On January 9, 2020, at the Nigerian Communications Commission (NCC) Annex building in Abuja, the Presidential Broadband Committee held another session to set an agenda for the provision of affordable and reliable broadband access for the over 190 million Nigerians. Together with input from the private sector, civil society and other professionals, their goal was to ensure that the gains of Nigeria’s Broadband Plan 2013 – 2018 were expanded upon in the new plan. Nigeria’s new Broadband Plan 2020 – 2025 was published in March and set the agenda for the development of broadband infrastructure in Nigeria for the next five years.
Among the select organizations presenting evidence at the Broadband Committee’s session in January was Paradigm Initiative. A facet of our contribution focused on the need for accurate measurement of broadband access metrics in Nigeria. This is to ensure that reliable statistics on how many Nigerians really have access to broadband, and the quality of broadband quality of service, is captured. Our reasoning was that in Africa it is often the case that dodgy statistics are on display which paints far rosier pictures than the reality. Thankfully that was not the case with Nigeria.
Advocacy for affordable and quality broadband access is one of the major thrust of the work of Paradigm Initiative’s digital inclusion effort. Working out of digital inclusion training centres in Ajegunle Lagos, Aba, and Kano in Nigeria; and through research and policy advocacy in our Yaba Lagos and Abuja offices, we are always working to ensure that Nigerians reap the optimum benefits of connectivity to the digital. After all, that’s the mission of Paradigm Initiative, clearly stated on the organization’s website—‘’Paradigm Initiative is a social enterprise that builds an ICT-enabled support system and advocates digital rights in order to improve livelihoods for under-served youth“.
Yet many a time it is abundantly clear that even for those for whom advocacy organizations advocate for, the issues for which we tirelessly advocate for are unclear. Public interest advocacy can be a very lonely fight. For instance, during the course of Paradigm Initiative’s advocacy work, we have sometimes been termed ‘’busy-bodies“. Yet, as the world battles the COVID – 19 pandemic, the suffering and deprivation the global pandemic has foisted on the world perhaps presents in sharp relief why digital rights advocacy is so important. In fact, we need not look at the broad subject of digital rights in its entirety, we only need to examine broadband accessibility and affordability and its impact on education.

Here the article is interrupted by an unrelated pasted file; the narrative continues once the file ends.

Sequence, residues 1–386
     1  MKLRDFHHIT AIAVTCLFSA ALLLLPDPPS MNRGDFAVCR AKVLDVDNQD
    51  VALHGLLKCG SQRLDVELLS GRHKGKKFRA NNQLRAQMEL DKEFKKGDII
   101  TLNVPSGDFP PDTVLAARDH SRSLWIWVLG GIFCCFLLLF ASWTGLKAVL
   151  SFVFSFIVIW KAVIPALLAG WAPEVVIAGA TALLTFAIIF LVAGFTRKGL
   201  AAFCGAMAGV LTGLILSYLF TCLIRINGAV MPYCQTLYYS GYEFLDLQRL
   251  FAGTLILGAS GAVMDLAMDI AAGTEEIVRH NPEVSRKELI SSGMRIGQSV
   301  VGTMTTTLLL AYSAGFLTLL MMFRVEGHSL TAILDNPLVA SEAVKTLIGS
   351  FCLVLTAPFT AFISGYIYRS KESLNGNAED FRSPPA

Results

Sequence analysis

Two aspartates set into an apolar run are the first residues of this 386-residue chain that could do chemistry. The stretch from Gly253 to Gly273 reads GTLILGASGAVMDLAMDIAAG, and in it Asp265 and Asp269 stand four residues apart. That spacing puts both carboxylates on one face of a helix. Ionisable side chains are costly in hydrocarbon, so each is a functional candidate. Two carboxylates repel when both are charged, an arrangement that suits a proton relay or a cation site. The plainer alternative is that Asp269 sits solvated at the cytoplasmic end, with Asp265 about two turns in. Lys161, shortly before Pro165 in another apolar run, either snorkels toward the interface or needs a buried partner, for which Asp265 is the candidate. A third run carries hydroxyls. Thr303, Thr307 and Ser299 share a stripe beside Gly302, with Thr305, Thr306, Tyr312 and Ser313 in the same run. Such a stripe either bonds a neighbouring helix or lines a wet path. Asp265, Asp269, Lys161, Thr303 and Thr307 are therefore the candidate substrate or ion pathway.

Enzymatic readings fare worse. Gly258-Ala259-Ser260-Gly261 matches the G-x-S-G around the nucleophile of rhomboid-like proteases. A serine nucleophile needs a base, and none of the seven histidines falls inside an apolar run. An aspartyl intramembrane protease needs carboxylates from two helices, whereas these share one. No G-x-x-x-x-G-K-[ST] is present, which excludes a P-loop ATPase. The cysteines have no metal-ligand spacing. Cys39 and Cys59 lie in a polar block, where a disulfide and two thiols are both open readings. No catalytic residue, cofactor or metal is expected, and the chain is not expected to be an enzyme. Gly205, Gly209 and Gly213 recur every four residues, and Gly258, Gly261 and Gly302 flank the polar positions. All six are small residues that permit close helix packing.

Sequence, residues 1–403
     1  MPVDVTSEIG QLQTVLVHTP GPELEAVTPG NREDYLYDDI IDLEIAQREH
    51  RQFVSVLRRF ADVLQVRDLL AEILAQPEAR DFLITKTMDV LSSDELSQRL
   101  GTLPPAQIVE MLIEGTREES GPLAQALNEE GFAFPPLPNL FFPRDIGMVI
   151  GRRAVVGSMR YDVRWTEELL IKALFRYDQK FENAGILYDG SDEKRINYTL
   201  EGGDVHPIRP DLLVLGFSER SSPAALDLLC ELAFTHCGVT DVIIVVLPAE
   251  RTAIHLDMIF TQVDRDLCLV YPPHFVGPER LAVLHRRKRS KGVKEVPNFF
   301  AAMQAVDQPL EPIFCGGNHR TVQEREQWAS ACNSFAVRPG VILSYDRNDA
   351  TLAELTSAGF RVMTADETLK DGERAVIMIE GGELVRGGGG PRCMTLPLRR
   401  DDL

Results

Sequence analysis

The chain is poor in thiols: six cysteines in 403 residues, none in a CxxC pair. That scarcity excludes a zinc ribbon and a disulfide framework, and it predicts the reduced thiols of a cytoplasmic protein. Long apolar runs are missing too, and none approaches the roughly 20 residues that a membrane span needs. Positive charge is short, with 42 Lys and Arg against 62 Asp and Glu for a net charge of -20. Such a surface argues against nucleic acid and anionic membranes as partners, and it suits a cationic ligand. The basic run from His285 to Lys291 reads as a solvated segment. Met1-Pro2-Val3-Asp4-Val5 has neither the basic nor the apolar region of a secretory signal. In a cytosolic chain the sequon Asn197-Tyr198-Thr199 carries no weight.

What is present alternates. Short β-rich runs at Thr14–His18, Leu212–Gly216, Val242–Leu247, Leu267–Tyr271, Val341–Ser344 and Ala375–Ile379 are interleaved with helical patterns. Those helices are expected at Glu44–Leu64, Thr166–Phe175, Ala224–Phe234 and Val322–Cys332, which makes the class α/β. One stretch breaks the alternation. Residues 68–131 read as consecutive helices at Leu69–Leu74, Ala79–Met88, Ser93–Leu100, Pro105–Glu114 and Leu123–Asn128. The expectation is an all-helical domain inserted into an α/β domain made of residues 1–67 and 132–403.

In Nigeria which already boasts over 10 million out-of-school children, the COVID – 19 pandemic has now ensured that even those who had access to schools have now been denied access to education because schools have been shut down to prevent the spread of the pandemic. And while children in the developed nations of the world might have the luxury of online connections to their classrooms because of well developed, standardized national broadband infrastructure which ensures that broadband is a commonplace utility which is readily available for low and middle-income households, in Nigeria only the financial elite can afford the data costs which guarantees that level of uninterrupted, seamless, quality access to classrooms in this pandemic. In the Nigerian context, we are not talking here of the capped data plans such as 1 Gigabyte, 2 Gigabytes or 5 Gigabytes of data. We’re probably talking about the unlimited data plans which allow unlimited streaming or at the very least the very large capped data plans (above 100Gigabytes) monthly.
I might go into details of Nigeria’s Gross National Income per Capita ($5710 at 2018), or extreme poverty rate (about 50%), here to buttress this. However, it could be enough to simply ask this question, ’’How many of you reading this article can conveniently fork out the approximately N20,000—N25,000 ($50—$62.50) per month to secure the unlimited data plans, or the higher capped data plans described above?”. In a country where many salaries hover around the N30,000 ($75) minimum wage, many will find such monthly data costs prohibitive. The reality is probably that millions of parents who have managed to put their children through school will personally homeschool them, with all the flaws and gaps that come with that. The children of the financial elite will come out of this pandemic several paces ahead.
So there it is. Digital rights advocacy, rather than being a very abstract thing, is laid very bare in our sights as it relates to the quality of educational experiences children will face during this lockdown. In the advocacy meetings, research, coalition building and other activities that organizations such as Paradigm Initiative does, this is the crux of the matter. Access, or the lack of it, to affordable and quality broadband will enhance or stunt human development and potential. We probably didn’t need a pandemic to tell us that.
The author, Babatunde Okunoye is Research Officer at Paradigm Initiative